As always these breweries can be visited easily using theCompass Craft Beverage Finder. Sorry iPhone 11 iOS and iPhones 5S and greater users. Cheers.

Saturday, December 8, 2018

A Trio From Spain's Gonzalez Byass

In 1835 at only 23 years old Manuel María González Ángel founded the precursor to Gonzalez Byass creating the Tío Pepe (Uncle Joe) sherry brand inspired by his uncle uncle, José Ángel. In fact the winery’s foundational solera is still inscribed with “Solera del Tío Pepe”. Nearly ten years into his operation Manuel united with his English Agent Robert Blake Byass to form González Byass as they shipped "exceptionally pale..." Tío Pepe wine to the United Kingdom. Together they built the company to be the leading exporter of sherry wines in Jerez.  González Byass focused exclusively on sherry until the 1980's when they started incorporating wineries from other notable Spanish wine regions into the corporate umbrella. These included Bodegas Beronia - D.O.Ca. Rioja and Viñas del Vero - Somontano. And during the same period "the Byass family withdrew from the business and the winery passed into the hands of the direct descendants of Manuel María González". For this winter season we received three samples that will warm your palate.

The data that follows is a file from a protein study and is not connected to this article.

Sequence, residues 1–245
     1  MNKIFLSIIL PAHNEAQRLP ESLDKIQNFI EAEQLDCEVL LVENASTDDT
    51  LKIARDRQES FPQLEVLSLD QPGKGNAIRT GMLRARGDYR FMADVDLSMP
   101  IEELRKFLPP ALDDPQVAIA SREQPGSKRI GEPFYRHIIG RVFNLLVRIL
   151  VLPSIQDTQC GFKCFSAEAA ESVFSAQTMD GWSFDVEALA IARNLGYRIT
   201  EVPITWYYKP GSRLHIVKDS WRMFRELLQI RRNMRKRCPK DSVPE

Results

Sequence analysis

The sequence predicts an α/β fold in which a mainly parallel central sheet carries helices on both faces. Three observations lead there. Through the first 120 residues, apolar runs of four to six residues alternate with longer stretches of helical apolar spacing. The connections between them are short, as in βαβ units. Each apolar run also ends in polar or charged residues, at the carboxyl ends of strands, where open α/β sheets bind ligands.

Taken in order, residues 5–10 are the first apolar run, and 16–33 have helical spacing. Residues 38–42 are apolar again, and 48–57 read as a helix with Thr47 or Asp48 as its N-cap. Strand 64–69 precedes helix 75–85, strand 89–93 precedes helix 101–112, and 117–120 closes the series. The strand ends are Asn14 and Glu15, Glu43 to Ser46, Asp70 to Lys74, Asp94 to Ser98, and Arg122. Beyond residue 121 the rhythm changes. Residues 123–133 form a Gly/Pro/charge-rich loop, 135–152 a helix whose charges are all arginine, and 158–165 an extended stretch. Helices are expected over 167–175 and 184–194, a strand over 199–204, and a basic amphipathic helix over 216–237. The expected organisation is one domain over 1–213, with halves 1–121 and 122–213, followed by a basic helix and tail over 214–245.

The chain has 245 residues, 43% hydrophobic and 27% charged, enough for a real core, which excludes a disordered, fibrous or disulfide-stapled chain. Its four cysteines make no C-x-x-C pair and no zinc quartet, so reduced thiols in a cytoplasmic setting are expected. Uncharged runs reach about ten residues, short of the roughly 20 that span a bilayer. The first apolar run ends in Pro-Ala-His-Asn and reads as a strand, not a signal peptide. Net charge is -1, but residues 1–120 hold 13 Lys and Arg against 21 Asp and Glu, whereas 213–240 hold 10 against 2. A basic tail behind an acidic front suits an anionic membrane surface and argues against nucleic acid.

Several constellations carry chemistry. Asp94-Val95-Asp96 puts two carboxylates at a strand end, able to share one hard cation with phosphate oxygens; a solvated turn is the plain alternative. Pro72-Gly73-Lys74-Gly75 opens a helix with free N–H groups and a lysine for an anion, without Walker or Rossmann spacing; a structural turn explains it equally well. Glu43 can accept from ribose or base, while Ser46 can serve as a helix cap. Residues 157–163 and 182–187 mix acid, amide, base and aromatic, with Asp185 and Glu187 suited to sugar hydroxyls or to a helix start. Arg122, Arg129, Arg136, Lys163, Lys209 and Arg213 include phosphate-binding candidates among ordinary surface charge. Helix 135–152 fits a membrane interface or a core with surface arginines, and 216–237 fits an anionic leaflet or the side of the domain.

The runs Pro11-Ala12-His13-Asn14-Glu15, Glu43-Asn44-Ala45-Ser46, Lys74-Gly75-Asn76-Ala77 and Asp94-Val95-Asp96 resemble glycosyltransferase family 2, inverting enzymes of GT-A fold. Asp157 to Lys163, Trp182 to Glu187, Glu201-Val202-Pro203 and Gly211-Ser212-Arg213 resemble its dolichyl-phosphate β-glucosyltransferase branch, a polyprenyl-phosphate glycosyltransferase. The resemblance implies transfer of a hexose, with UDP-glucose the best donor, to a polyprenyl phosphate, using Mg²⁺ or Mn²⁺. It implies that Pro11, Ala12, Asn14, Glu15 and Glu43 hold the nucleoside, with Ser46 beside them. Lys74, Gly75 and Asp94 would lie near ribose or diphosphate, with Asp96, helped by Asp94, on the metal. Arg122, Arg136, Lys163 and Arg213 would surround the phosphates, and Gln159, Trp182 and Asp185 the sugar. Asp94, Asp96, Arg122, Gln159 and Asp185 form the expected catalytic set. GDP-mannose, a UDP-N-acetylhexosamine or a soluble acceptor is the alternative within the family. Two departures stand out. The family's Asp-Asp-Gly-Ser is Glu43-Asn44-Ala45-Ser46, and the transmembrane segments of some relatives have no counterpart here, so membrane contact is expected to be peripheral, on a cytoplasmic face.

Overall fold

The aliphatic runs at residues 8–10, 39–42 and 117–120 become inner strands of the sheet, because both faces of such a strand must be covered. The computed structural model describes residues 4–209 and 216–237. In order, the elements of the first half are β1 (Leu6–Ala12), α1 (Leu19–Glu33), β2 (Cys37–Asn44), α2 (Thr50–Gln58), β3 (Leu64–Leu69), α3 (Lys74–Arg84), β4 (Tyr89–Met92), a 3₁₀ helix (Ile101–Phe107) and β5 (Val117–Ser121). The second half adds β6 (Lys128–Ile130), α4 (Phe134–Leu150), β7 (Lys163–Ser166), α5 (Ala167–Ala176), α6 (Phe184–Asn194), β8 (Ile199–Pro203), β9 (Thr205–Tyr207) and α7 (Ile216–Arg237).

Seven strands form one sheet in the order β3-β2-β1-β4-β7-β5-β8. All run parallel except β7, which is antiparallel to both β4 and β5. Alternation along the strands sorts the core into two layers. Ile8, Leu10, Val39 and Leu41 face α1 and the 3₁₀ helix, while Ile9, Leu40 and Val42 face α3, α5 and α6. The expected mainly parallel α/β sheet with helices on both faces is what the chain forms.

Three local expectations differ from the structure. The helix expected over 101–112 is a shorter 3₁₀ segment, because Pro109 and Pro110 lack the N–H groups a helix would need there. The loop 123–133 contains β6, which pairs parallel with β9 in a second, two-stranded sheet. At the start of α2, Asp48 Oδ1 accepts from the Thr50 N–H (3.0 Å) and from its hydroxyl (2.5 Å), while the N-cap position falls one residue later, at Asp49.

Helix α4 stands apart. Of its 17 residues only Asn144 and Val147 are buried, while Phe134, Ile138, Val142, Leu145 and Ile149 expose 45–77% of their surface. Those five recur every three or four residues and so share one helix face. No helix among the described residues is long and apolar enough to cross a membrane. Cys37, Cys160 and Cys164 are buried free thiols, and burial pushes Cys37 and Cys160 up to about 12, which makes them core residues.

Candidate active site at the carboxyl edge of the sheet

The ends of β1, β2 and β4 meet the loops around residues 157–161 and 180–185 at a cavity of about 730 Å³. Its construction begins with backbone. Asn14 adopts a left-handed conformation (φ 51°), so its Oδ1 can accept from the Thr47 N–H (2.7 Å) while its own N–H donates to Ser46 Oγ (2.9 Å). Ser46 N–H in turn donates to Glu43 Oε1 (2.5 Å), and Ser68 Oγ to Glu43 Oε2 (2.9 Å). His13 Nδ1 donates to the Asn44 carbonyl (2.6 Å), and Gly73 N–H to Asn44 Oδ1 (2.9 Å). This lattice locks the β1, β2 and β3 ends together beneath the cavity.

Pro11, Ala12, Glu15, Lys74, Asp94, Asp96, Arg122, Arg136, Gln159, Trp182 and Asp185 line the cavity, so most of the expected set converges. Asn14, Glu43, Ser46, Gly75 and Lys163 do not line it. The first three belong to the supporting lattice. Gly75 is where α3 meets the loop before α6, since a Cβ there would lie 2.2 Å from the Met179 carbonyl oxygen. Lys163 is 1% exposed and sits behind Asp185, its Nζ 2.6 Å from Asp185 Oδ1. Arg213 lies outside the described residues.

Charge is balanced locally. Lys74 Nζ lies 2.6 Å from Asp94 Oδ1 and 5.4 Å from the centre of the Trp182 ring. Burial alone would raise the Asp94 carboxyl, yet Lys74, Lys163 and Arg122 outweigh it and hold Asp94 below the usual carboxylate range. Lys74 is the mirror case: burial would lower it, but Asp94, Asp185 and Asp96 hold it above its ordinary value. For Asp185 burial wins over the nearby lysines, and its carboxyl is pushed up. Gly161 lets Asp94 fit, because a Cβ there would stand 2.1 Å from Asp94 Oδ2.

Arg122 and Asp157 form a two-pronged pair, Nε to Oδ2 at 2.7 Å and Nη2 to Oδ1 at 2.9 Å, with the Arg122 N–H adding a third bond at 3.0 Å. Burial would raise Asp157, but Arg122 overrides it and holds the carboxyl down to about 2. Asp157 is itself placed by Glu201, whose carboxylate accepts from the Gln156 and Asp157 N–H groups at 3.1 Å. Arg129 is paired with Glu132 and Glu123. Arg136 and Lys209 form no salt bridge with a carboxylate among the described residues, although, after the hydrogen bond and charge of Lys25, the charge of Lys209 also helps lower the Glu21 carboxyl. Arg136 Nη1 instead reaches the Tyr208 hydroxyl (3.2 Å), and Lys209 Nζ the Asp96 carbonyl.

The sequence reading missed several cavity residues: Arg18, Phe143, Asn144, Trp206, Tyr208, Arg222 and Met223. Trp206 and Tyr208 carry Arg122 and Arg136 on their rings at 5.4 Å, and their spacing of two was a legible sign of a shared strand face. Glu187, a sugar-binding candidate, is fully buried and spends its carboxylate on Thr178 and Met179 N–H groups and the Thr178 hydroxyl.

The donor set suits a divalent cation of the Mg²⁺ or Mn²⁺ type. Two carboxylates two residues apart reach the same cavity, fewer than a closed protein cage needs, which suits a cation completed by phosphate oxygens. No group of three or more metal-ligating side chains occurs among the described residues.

Beronia Crianza 2015 ($14.99) & Beronia Reserva 2013 ($19.99)